It seems like every year we get a new movie or two based on popular video games. It also seems like every single one of them has flopped! Are these video game movies as bad as we think they are, and if so, why do studios keep making them?

Before we get into that, however, I want to make a quick distinction. Movies like Jumanji: Welcome to the Jungle, Scott Pilgrim vs. The World, Wreck it Ralph, and the upcoming Ready Player One do not fall into this category. While it’s true that the phrase “Video Game Movie” does describe them, I’m talking about movies that are based off of video games, not about video games.

Lets go back to 1993, where we get the first ever movie based on a video game, Super Mario Bros.

super mario bros

A movie where two regular New Yorker plumber brothers accidentally get involved in a conspiracy and get thrown into an alternate reality where the dinosaurs are still alive…or something. This movie lost over $27 Million. A huge loss, surely Hollywood doesn’t want to recreate that!

They did though! Next up we have Street Fighter starring Jean-Claude Van Damme in 1994, which turned a profit of over $64 Million. Maybe Mario was just a fluke! Lets keep going! Lets make a bunch of video game movies!!

 

Year Movie Net Profit Rotten Tomatoes Score
1993 Super Mario Bros. -27mil 15%
1994 Street Fighter +64mil 18%
1995 Mortal Kombat +104mil 34%
2001 Lara Croft: Tomb Raider +159mil 20%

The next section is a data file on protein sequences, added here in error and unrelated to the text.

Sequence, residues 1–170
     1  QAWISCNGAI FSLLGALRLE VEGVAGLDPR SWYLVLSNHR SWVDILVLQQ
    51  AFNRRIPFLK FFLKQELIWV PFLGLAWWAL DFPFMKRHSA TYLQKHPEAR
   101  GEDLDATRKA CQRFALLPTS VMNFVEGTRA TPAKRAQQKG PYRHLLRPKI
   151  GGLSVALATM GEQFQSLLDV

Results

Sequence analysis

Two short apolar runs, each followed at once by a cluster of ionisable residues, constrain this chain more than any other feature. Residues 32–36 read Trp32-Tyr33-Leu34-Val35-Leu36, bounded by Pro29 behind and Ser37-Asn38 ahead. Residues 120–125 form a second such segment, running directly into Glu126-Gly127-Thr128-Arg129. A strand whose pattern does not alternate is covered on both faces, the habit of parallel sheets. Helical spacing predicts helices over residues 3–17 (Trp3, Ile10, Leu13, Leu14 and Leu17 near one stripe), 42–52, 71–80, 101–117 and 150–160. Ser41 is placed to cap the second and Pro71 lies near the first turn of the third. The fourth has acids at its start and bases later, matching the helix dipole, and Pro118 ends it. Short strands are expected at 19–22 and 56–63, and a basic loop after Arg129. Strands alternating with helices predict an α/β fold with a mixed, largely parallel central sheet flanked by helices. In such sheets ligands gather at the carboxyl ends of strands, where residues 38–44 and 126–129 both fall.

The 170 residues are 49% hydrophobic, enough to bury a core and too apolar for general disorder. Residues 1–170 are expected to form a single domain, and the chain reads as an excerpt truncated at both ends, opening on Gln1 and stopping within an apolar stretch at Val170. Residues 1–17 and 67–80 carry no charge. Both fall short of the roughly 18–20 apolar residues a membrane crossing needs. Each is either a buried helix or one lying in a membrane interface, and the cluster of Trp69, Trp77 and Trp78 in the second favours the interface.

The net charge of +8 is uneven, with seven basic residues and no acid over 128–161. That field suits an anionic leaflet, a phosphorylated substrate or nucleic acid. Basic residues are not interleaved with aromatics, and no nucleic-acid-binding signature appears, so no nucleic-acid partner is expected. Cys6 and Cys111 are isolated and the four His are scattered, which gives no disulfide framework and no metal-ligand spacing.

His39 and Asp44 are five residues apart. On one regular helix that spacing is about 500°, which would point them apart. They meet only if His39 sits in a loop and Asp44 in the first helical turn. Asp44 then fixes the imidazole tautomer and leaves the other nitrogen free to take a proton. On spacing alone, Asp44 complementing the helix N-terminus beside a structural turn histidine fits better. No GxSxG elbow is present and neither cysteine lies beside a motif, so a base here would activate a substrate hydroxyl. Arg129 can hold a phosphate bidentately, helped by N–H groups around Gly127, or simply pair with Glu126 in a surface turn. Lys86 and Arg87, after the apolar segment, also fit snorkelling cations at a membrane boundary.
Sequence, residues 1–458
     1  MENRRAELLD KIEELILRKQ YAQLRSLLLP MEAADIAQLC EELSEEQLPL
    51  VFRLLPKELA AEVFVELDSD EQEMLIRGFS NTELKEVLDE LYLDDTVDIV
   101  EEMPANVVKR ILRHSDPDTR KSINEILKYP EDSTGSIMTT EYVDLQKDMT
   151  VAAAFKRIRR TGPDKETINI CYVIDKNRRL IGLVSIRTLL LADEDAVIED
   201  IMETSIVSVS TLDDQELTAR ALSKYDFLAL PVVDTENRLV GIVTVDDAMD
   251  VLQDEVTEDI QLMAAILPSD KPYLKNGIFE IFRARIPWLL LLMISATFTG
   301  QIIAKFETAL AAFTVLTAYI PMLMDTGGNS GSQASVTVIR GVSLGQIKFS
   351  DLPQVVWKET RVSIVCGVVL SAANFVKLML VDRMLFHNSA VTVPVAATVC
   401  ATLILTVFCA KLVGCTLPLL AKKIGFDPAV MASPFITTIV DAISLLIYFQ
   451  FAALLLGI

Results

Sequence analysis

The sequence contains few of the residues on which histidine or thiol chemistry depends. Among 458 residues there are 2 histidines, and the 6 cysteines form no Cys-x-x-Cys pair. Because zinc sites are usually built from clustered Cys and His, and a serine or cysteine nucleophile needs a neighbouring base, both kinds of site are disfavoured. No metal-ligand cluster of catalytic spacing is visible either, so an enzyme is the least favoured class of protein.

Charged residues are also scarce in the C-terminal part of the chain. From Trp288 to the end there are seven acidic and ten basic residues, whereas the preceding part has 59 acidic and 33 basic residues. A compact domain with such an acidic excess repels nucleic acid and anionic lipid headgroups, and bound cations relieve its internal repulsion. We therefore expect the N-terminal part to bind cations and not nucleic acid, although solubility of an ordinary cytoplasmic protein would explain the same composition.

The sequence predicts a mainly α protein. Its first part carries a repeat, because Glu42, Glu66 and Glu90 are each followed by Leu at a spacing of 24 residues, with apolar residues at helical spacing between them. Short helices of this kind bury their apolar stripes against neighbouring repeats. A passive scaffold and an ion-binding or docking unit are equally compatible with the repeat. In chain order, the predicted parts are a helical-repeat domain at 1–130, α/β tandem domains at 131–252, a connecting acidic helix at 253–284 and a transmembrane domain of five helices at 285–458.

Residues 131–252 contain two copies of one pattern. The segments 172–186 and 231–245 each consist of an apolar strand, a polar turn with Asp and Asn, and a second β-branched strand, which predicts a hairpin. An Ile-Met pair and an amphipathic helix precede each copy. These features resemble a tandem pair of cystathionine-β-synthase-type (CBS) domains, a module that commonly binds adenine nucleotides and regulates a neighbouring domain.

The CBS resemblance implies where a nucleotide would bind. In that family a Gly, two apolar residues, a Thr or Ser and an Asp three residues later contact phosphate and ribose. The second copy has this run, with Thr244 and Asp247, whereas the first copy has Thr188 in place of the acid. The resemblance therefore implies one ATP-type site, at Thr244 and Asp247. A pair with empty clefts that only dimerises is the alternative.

2002 Resident Evil +70mil 34%
2005 Doom -4mil 19%
2004 Resident Evil: Apocalypse +84mil 21%
2007 Hitman +76mil 15%
2008 Far Cry -29mil 12%
2010 Prince of Persia: The Sands of Time +136mil 36%
2010 Resident Evil: Afterlife +240mil 23%
2012 Resident Evil: Retribution +175mil 31%
2016 Warcraft +273mil 28%
2016 Assassin’s Creed +115mil 18%
2016 The Angry Birds Movie +276mil 44%
2016 Resident Evil: Final Chapter +272mil 36%

The answer then is: Yes, video game movies are bad. The other answer is: studios keep making them because they are making SO MUCH MONEY! This ties into a previous article about how people are only going to see sequels, not original screenplays, because those Resident Evil movies are almost consistently going up each time.

So many of these movies are making so much money, at yet, are getting dragged through the critical mud. When the highest scoring movie on that list is this…

the angry birds movie.jpg

…then you know there is a problem.

But what is that problem? And how can we fix it?

The problem isn’t lack of onscreen talent, seeing as how we have had Michael Fassbender and Angelina Jolie take on leading roles. So then it has to be behind the camera somewhere. Sometimes studios don’t understand what it is that fans like about the story, like in Assassin’s Creed, where having a character be in some sort of prison is not the part we care about. Maybe it’s the writing, like in Resident Evil, where it has barely anything to do with the games, besides saying “Raccoon City”, “T-Virus”, and “Umbrella Corp.” Warcraft had a hard time, because ever since Lord of the Rings, every high fantasy project has been in that same vein. We haven’t had giant magic portals and huge green orcs set somewhere that is clearly not our world. All the popular fantasy lately has been LoTR, Game of Thrones, Harry Potter, etc. It’s going to take more than some previews to get people back into that old school fantasy.